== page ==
In a dingyou year, the wife of a soldier from Jianwei in Wuyuan died, so he remarried. His second wife terribly mistreated his children by the first wife, and the husband was quite unable to stop this. One day, he suddenly saw his dead wife pass through the gate and enter. Furious at the second wife, she said: “Who among the people will not die? How could anyone lack all motherly feelings? Yet you abuse our children like this? I have recently made a complaint to the authorities of the nether world, and they granted me a break of ten days in which I am to teach you. If you then fail to change, I would surely be able to kill the gentleman.” Husband and wife were both terrified and bowed over and over, then provided her with food and drink. They once invited trusted friends from among their neighbours, greeting them and chatting as normal, but these other people could hear her voice, despite only the husband being able to see her. When night fell, she set up a bed in another room. The husband wished to spend the night with her, but was not allowed. When the ten days were up, she was about to depart, but again reprimanded the second wife and urged her to improve. Her words were very [2800] earnest and thoughtful. She escorted the family members together to her tomb, and when they were a little over a hundred paces from the grave, said: “You should all stop here.” She then said her goodbyes in a polite and courteous manner, then departed. Just as she reached a cypress grove all of the family could see her, in clothes and appearance seeming just they had in life. When she reached the tomb, she disappeared.

The officer of the Jianwei Army Wang Yanchang reported that it occurred like this.

From Jishenlu.

Li Fang 李昉, et al., Taiping guangji 太平廣記 (Extensive Gleanings from the Era of Great Harmony), 10 vols (Beijing: Zhonghua shuju, 1961), viii, 353.2799-800:

婺源軍人妻

丁酉歲。婺源建威軍人妻死更娶。其後妻虐遇前妻之子過甚。夫不能制。一日。忽見亡妻自門而入。大怒後妻曰。人誰無死。孰無母子之情。乃虐我兒女如是耶。吾比訴與地下所司。今與我假十日。使我誨汝。汝遂不改。必能殺君。夫妻皆恐懼再拜。即為具酒食。徧召親黨鄰里。問訊敘話如常。他人但聞其聲。唯夫見之。及夜。為設榻別室。夫欲從之宿。不可。滿十日。將去。復責勵其後妻。言甚 [2800] 切至。舉家親族共送至墓。去墓百餘步。曰。諸人可止矣。復殷勤辭訣而去。將及柏林中。諸人皆見之。衣服容色如平生。及墓乃沒。建威軍使汪延昌言如是。出稽神錄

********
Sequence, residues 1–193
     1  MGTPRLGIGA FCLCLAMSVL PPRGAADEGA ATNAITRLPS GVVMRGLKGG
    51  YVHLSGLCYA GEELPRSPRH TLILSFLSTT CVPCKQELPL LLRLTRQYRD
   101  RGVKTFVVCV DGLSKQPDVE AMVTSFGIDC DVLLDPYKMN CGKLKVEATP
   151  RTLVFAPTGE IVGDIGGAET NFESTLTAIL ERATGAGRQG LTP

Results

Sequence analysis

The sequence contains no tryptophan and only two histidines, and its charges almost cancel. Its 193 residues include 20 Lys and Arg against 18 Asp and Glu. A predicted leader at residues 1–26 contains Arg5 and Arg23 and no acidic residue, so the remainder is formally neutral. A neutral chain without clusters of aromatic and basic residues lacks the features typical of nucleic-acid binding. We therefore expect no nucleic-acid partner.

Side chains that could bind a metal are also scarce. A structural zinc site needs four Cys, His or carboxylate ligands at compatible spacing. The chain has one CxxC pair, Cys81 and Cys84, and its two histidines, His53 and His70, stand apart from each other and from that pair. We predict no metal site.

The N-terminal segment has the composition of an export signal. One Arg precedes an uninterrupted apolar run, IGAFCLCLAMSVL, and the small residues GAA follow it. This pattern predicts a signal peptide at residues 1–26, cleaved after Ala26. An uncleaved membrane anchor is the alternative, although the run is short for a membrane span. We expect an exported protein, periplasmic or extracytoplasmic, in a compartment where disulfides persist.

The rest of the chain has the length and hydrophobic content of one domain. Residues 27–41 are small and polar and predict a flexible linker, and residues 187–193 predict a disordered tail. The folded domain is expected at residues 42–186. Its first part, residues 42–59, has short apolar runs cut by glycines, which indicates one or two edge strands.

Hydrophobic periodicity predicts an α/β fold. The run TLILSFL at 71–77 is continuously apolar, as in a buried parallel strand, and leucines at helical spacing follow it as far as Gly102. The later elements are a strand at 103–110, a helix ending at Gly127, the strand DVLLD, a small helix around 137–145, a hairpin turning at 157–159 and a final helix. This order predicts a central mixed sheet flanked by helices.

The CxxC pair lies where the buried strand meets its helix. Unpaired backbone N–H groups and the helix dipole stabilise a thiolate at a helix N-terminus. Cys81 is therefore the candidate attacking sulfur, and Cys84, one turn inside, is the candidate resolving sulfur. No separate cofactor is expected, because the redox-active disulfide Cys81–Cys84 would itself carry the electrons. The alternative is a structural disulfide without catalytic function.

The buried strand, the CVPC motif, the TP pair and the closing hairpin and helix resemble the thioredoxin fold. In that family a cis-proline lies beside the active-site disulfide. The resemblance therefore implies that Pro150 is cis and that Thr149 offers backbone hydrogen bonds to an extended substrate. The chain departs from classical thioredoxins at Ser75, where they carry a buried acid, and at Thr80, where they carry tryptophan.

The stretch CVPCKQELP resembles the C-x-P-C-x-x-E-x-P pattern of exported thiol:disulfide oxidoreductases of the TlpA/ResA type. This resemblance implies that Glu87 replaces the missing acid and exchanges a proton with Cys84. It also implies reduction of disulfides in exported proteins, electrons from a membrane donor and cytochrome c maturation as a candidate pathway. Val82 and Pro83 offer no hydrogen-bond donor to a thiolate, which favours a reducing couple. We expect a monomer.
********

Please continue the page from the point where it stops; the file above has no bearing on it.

Zhu Yanshou 朱延壽

In his latter years, the governor of Shouzhou Zhu Yanshou was once bathing in his chamber when he saw two people outside his window. Both had dark faces, vermillion hair and black robes, and grasped books in their hands. One of them said: “I have accepted an order [2797] to come and fetch him.” Another said: “I too have accepted an order to come and fetch him.” One said: “I received the order first.” Yanshou then called out to those attending him. The pair immediately vanished. When his attendants arrived, they all said there had not been anyone there at all. Before long, he was dead.

From Jishenlu.

Li Fang 李昉, et al., Taiping guangji 太平廣記 (Extensive Gleanings from the Era of Great Harmony), 10 vols (Beijing: Zhonghua shuju, 1961), viii, 353.2796-97:

朱延壽

壽州刺史朱延壽。末年。浴於室中。窺見窗外有二人。皆青面朱髮青衣。手執文書。一人曰。我受命 [2797] 來取。一人曰。我亦受命來取。一人又曰。我受命在前。延壽因呼侍者。二人即滅。侍者至。問外有何人。皆云無人。俄而被殺。出稽神錄

Zhou Yuanshu 周元樞

Zhou Yuanshu was from Suiyang, and served as Secretary-General to Pinglu, residing in the official dwelling at Linzi. One night, when he was about to go to bed, he suddenly heard the sounds of a great many horses and heavy baggage carts. Knocking on his door he sent someone out, who reported: “Li Sikong waits to call on you.” Yuanshu thought through the people he knew, but this was not among them. He therefore concluded: ‘He must be somebody from my home region I do not yet know.’ He then went out to see the guest, invited him to be seated, and asked politely where he had come from. The reply came: “I come to make my home at this very place, and have not yet anywhere to stop, so seek to dwell in this residence.” Yuanshu was shocked, and asked: “Why come here?” He replied: “This is our former home.” Yuanshu said to him: “I came here on an official post, and the house has long been passed down as a government residence. When did the gentleman live here?” The other replied: “I lived here once in the Kaihuang era under the Sui.” (i.e., 581-601 CE) Yuanshu said: “In that case, must not the gentleman surely be a spirit?” He said: “Yes, indeed. The regional officials have permitted me to establish a shrine here, and therefore ask the gentleman simply to move on.” Yuanshu could not agree, and said: “People ought not to mix with spirits. Can it really be that I am about to die, and the gentleman can therefore bully me? Even if that is so, there are no grounds for handing over this residence to the gentleman. Even were I to die, I should still make my case against the gentleman.” He therefore summoned his wife and children, and told them: “I am going to die. Place plenty of paper and brushes in my coffin, as I am going to engage in a disputation with the gentleman Li.” They provided wine to drink, and the pair made several hundred toasts, their speech growing ever more stern. The visitor seemed about to depart, but stayed back, and, after a long time had passed, a servant came and spoke: “A message for the lady from Sikong. Secretary Zhou is emotionless. How can one dispute with such a person? He invites catastrophe.” At this the visitor then said farewell and departed. They showed him to the door, and he then suddenly vanished. Yuanshu remained in good health.